If Bill Gates gets his way, within 10 years speech technology will be ubiquitous and the unrelenting security headaches of today will be only a distant nightmare.

Interviewed by Gartner chief executive Michael Fleisher on stage at this week's Gartner Symposium ITxpo 2004 in San Diego, Gates also touched on the importance of security, Web services, and visual modelling technologies.

In response to the question of which IT innovations will gain prominence within 10 years, the chairman and chief software architect at Microsoft first pointed to speech technology. He predicted the resolution of technical problems such as background noise and recognition of context would lead to widespread adoption of speech recognition. "Within 10 years speech will be in every device," Gates said. "Things like speech and (electronic) ink are so natural, when they get the right quality level they will be in everything."

Soon, dictating to PCs and giving commands to mobile phones will be basic modes of interacting with technology, he said. "The keyboard won't go away. Your interaction will be multimodal; talking and typing and using (electronic) ink," Gates said.

He reiterated, as Microsoft has done at every opportunity, that security is also a primary area of investment within the company. Spam is increasingly dangerous, particularly social engineering attacks that spoof sender identities, Gates said. The key to solving the spam problem is to verify sender identities, a capability not built into the messaging protocol SMTP, Gates said.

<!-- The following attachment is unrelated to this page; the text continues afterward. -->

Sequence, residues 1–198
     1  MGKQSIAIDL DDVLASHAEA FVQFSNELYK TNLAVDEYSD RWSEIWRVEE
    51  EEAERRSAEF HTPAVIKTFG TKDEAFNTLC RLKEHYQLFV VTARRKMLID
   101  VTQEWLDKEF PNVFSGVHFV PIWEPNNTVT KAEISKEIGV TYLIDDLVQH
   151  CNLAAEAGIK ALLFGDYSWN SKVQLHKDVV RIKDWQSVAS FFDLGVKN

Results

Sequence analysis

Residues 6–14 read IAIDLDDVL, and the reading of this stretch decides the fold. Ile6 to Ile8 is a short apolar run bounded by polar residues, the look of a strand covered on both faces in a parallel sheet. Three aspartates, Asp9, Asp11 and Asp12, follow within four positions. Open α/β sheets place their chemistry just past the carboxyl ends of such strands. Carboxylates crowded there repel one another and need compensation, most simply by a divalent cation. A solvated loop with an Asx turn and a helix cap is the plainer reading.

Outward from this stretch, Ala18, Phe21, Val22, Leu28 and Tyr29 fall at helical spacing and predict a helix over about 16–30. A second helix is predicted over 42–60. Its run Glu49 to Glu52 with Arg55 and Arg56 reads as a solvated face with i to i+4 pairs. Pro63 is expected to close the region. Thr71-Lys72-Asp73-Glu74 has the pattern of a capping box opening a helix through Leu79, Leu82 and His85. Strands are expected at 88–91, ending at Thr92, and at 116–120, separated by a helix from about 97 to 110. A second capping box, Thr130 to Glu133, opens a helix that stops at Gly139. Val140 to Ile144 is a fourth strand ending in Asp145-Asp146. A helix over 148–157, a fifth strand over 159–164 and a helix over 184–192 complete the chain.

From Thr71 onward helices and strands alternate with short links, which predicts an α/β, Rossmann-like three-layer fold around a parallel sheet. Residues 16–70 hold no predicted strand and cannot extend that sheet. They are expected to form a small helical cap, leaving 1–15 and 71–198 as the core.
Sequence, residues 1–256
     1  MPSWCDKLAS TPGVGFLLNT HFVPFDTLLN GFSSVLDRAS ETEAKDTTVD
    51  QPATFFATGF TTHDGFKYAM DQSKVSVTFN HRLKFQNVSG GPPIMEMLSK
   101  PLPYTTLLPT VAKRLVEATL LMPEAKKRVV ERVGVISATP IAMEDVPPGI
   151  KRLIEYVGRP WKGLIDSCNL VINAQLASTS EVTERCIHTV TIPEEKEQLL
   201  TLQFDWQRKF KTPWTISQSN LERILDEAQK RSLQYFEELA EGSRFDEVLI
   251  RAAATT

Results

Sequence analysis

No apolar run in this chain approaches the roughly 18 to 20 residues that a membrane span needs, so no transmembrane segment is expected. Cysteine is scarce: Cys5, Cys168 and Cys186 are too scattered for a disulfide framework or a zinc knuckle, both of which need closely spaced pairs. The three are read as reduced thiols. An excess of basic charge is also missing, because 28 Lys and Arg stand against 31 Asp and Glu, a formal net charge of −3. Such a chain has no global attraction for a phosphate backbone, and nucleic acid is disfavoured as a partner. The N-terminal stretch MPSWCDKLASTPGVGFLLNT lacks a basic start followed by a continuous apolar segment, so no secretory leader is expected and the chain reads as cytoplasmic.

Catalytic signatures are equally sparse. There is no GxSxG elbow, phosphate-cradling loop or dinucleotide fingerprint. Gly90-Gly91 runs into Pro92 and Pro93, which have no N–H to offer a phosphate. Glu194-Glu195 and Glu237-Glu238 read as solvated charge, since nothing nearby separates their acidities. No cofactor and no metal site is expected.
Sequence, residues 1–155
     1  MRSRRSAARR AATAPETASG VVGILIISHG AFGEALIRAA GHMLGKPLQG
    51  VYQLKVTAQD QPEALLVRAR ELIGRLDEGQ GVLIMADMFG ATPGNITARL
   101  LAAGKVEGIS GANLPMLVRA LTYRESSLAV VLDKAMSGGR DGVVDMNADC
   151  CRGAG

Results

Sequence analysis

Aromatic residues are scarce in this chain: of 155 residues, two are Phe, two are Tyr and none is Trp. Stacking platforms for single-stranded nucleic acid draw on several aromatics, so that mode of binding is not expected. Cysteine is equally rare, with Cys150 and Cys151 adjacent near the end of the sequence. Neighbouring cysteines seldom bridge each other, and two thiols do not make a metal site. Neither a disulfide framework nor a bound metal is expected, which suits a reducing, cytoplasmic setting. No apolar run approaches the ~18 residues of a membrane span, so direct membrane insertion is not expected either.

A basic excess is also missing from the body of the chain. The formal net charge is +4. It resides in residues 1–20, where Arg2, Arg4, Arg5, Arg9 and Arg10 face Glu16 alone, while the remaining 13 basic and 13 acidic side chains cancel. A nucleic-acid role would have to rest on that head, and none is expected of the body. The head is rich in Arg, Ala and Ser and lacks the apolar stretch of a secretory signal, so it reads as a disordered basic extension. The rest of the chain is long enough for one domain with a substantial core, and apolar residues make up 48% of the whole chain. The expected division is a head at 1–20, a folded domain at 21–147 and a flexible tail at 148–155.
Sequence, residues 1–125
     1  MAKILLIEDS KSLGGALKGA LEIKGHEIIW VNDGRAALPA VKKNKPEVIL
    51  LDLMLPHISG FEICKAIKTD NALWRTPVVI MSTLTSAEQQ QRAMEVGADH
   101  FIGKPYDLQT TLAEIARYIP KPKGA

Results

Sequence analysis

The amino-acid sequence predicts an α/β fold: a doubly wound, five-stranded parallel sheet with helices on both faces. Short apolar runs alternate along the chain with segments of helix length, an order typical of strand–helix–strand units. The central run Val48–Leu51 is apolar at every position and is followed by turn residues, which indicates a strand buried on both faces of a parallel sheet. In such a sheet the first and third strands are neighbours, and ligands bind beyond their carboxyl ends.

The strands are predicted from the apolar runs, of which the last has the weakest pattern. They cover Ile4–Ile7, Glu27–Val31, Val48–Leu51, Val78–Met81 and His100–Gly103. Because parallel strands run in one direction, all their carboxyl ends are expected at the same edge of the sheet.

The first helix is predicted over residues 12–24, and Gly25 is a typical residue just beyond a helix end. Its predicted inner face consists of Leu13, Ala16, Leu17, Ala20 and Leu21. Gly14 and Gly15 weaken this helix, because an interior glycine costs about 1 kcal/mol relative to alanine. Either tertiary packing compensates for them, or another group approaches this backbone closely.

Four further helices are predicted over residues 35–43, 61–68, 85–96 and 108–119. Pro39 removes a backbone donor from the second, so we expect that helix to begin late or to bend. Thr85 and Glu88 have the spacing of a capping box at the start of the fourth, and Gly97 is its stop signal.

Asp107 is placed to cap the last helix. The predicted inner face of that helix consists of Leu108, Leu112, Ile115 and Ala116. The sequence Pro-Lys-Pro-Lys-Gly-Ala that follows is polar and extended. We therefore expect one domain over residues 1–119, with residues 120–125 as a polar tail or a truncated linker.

"It turns out this verify-sender element - the caller ID in e-mail - is key to solving spam and making sure people don't do these social engineering spoofs. Every (message) coming in needs to be verified," he said.

Today, security is the top priority of development at Microsoft, according to Gates, but he sees the problem receding. "Within the next two years it will be off the top five list," Gates said. Isolating virus outbreaks and improving firewall administration are necessary steps toward that goal, he said.

The development of visual modelling tools across systems and code also is another strong focus, Gates said. Visual modelling for business processes will automatically show business information such as sales and forecast data in ways that are more accessible. The goal is to express without code exactly what steps are necessary in a workflow.

"It will be a will be visual model automatically, not writing code for each instance," Gates said. "The key breakthrough in coding is to write less code. There is nothing magical that will make a million lines of code a pretty thing. In a decade we should be able to reduce the code (developers) write by at least a factor of five."

Although its buzz factor has faded somewhat, Gates said Web services are still flourishing and will usher in radical improvements in software connectivity. "There has never before been a protocol that lets software connect to another piece of software and have really complete flows of information back and forth," Gates said. "Web services give the ability for any (piece of) software, in any language on any system, find and connect securely with another piece of software. (Web services) will be built into the server OS, client OS, and administration (tools)," Gates said.

Once Web services standards are pervasive, application and software connectivity will gain newfound depth and sophistication, Gates predicted.